Pharmaceutical Technology - November 2018

Pharmaceutical Technology - eBook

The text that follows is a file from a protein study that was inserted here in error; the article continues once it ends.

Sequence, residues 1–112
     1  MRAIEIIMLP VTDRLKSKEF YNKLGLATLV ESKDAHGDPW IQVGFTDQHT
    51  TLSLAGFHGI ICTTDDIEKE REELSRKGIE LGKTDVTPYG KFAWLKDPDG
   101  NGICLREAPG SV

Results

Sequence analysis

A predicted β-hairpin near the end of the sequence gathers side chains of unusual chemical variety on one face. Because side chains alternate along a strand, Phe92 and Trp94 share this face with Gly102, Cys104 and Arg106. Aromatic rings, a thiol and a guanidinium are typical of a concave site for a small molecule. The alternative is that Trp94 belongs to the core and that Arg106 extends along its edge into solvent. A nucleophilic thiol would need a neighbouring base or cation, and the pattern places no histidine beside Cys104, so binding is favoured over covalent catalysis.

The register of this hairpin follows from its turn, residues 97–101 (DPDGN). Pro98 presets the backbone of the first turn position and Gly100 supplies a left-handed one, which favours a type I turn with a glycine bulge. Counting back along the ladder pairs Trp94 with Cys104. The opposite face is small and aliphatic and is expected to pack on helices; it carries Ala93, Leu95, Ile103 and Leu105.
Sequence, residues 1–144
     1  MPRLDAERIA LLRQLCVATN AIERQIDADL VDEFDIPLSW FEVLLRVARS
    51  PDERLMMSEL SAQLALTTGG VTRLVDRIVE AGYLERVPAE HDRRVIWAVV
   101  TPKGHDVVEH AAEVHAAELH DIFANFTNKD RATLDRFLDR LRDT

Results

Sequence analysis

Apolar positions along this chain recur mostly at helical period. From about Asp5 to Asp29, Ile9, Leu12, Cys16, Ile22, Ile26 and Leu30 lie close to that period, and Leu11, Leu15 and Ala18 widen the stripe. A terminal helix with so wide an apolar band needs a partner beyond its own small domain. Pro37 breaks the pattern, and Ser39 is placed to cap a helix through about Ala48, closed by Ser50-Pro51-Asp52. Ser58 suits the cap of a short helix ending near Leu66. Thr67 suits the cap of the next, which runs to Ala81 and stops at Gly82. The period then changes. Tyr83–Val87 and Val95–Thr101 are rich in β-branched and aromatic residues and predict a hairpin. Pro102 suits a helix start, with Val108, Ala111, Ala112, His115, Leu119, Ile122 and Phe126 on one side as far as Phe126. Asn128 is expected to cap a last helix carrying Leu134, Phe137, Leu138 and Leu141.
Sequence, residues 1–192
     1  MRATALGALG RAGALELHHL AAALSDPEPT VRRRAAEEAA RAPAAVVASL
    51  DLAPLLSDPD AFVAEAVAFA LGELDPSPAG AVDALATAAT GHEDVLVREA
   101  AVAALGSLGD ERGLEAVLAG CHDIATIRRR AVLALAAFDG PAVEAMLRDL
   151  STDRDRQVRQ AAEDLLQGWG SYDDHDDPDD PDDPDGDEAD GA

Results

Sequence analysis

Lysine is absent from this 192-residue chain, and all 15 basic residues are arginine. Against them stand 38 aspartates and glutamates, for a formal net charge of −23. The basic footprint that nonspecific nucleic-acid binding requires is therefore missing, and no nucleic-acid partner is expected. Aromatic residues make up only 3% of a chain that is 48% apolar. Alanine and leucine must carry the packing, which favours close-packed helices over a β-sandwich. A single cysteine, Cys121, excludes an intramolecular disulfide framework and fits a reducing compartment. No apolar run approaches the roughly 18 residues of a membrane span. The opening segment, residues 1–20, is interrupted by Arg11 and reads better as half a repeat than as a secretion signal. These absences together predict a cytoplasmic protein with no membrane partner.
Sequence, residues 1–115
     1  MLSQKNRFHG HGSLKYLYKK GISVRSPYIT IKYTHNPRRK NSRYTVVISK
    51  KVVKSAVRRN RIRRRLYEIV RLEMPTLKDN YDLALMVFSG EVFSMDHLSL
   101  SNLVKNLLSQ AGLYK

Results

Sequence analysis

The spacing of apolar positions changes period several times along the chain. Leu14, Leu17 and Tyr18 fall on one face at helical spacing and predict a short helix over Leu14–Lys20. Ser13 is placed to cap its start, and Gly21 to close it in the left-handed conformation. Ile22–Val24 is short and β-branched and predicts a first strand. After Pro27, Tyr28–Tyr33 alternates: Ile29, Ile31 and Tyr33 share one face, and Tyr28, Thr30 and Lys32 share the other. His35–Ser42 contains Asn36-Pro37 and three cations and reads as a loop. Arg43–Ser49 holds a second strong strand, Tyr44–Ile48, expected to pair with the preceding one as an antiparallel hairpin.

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Pharmaceutical Technology LABORATORY BEST PRACTICES 2018 27 traceability and security of data—integrity. Data integ- rity is a fundamental traceability requirement in any pharma/biotech. Companies must assess if the data are trustworthy and if they can make business-critical de- cisions based on it. The gap with internal systems is that they are just that: internal. Exposing them to CROs is possible, but what happens when the CRO has their own systems, which the CRO staff knows and readily uses? Essen- tially, there is a problem of exchanging the audit log for a piece of data between parties. New technologies are being considered to solve this problem, such as blockchain, which aim to provide a full history of what has happened to something over time. Current systems, however, do not use blockchain in this fash- ion. While there are many blockchain companies and platform providers, there currently are no real proven providers of blockchain networks specifically for this purpose. Data quality The final data-centric aspect that needs considering is quality. This is also a barrier to sharing data, as quality is subjective. To remove the subjective nature of what the measure of quality is, the context for a piece of data is needed. All things that could impact the data point need to be known: what instrument it was run on, what software was used to analyze it, what standards were used to run the experiment, what conditions were like in the lab (metrology); what other instru- ments were used to prepare buffers and media and were they calibrated properly, was the scientist trained, did they make the buffer solution properly? The list goes on. So, if this "context" is not present with the data, then the quality of the data cannot be assessed, and decisions made on it may be flawed. This is the routine question every sponsor organization asks of its CRO and proving it in a systematic, easy manner is difficult, as much of the data exists in different soft- ware systems. From an industry perspective, sponsors would love a CRO to use their systems, but this is not always possible or easy to set up due to enterprise sys- tem security policies. The utopian view would be a network of software solutions—an ecosystem—that all work seamlessly together to deliver the data collaboration services re- quired. The reality is that the industry is not there yet, but there are emerging endeavours to help address this, such as the Allotrope Foundation, who are looking to "revolutionize the way [they] acquire, share, and gain insights from scientific data, through a community and the framework for standardization and linked data" (2) and the Pistoia Alliance, which supports and funds projects that transform R&D innovation through pre-competitive collaboration (3). Each effort is focused on breaking down the barriers to data and process sharing in pharma and biotech. CROs are a necessary part of the small-molecule and biologics drug development lifecycle, but increasingly, customer expectations go beyond a simple PDF report as a deliverable. Getting the right data solution in place that allows safe, secure, and direct collaboration should be a critical objective with the data from the entire life- cycle of a drug being available at the sponsor scientist's fingertips. The industry is some way from the utopian state at the moment, and the business model aspects of this requirement need to be worked out and not just the core software and technical data sharing aspects. References 1. FDA, NDA and BLA Applications,, velopmentapprovalprocess/howdrugsaredevelopedandapproved/ drugandbiologicapprovalreports/ndaandblaapprovalreports/default. htm, accessed Aug. 10, 2018. 2. Data Standard, Allotrope Foundation, (2018), online, www.allo-, accessed Oct. 3, 2018. 3. N. Lynch and D. Proudlock, Home–Pistoia Alliance, online, Pis-, (2018), accessed Oct., 3 2018. PT

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